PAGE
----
Specific Aim 3: Assess the pathologic basis for cognitive deficits in PDD and DLB: PDD and DLB pathology is well described, but few clinical-pathologic studies relate cognitive deficits to pathology in PDD and DLB. We propose a comparative clinical-pathological assessment of the pathologic basis for impaired cognition in Aims 1 and 2 in PDD and DLB through collaborations with Cores B and C. We expect α-syn pathology in PDD and DLB, and denser prefrontal pathology in DLB, particularly involving amyloid-beta (Aβ) and tau, in dorsolateral, ventral-orbital and medial frontal regions. Since imaging relates cognitive findings in Aims 1 and 2 to these prefrontal regions, we also expect this pathology will correlate with cognitive findings, reflecting differences in PDD and DLB. Additional analyses will group demented patients based on pathologic features, showing that a group with frontal Aβ/tau pathology has executive-mediated language deficits. With Projects III and IV, we will relate features of novel α-syn strains in brain lysates to DLB and PDD clinical-pathological profiles.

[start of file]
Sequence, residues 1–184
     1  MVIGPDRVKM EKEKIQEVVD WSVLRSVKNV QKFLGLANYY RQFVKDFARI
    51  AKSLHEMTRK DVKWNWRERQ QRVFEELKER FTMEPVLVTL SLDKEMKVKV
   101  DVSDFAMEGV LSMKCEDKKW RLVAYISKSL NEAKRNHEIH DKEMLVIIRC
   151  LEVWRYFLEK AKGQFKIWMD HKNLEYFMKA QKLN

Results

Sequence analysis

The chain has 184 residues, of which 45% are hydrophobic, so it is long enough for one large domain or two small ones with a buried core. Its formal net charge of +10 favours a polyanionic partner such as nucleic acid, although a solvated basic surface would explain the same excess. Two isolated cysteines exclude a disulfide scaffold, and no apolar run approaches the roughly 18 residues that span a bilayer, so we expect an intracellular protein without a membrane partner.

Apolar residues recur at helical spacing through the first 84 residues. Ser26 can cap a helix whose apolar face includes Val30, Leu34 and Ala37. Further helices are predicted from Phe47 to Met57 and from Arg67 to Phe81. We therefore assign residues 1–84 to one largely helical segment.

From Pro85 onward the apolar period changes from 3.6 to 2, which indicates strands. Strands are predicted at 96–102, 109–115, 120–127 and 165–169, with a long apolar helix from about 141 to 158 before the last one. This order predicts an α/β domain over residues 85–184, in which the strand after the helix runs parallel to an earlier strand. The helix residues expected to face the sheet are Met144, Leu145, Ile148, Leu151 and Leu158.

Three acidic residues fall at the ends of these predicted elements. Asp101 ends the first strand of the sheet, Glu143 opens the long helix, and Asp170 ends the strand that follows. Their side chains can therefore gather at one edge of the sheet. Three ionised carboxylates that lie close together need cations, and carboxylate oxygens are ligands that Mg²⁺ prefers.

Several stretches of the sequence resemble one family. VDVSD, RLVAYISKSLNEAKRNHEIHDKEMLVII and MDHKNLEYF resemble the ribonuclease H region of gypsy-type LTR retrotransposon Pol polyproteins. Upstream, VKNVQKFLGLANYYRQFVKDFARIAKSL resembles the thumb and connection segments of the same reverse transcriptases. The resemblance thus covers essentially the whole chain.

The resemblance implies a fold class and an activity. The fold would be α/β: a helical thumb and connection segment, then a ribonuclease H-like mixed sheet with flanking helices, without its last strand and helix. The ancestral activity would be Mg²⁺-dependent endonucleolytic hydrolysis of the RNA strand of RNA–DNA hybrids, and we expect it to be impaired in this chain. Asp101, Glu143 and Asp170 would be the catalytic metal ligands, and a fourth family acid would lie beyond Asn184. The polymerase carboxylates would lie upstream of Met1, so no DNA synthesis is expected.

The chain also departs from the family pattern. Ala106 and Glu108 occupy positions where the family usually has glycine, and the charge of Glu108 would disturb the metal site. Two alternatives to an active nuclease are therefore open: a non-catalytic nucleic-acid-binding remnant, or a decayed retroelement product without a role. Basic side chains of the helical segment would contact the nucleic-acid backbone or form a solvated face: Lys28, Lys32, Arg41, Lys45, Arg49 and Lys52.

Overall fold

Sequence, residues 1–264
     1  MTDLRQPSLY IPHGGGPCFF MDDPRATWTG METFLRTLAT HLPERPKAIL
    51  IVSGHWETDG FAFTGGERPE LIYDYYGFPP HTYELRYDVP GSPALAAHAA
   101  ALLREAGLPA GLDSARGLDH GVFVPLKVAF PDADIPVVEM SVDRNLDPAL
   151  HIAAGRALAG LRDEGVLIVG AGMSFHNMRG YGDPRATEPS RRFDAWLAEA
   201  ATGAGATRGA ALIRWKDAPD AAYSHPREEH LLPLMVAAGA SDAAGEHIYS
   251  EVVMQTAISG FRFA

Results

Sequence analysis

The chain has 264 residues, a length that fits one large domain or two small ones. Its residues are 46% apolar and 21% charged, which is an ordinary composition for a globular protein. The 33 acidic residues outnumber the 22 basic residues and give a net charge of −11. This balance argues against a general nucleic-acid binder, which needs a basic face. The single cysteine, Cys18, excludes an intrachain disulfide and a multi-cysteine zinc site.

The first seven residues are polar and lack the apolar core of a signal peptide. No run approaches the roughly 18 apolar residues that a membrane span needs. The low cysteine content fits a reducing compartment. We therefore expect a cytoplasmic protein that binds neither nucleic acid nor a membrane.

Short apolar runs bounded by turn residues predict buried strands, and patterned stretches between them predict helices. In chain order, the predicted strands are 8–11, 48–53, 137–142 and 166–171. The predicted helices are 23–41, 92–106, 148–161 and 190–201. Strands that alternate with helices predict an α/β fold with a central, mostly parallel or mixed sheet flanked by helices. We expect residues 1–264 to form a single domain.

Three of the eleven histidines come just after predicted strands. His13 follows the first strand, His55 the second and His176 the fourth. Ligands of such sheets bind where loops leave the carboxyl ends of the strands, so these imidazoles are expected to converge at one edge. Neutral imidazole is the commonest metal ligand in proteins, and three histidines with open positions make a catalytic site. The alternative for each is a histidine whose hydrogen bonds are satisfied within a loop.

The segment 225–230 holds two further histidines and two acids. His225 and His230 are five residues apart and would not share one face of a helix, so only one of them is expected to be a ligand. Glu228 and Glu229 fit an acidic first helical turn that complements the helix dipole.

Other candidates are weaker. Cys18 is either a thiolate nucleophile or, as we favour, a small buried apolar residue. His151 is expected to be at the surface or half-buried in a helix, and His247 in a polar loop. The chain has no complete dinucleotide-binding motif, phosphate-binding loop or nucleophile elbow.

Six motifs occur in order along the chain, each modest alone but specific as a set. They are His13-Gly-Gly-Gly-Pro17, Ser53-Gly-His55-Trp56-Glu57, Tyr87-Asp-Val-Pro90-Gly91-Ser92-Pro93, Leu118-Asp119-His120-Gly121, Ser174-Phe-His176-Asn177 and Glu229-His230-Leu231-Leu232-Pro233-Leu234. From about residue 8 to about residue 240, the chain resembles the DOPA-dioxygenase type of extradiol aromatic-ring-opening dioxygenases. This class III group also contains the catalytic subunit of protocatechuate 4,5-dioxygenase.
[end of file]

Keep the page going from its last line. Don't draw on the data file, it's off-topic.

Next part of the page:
This work will lead to novel behavioral and imaging markers that distinguish DLB from PDD and detect PD-MCI, optimize current medication treatment and prepare us for disease-modifying treatments for each condition through detailed knowledge of the histopathologic basis for disease, and will advance cognitive neuroscience.
Project III: Mechanisms of Transmission of Pathological Alpha-Synuclein in Neurons, Virginia M-Y Lee, Ph.D.
Specific Aim 1: Test the hypothesis that neurons from different CNS regions are selectively vulnerable to develop either LBs/LNs alone or
LBs/LNs with AD-like tau pathology and altered levels of secreted Aβ in response to treatment with distinct α-Syn PFF strains.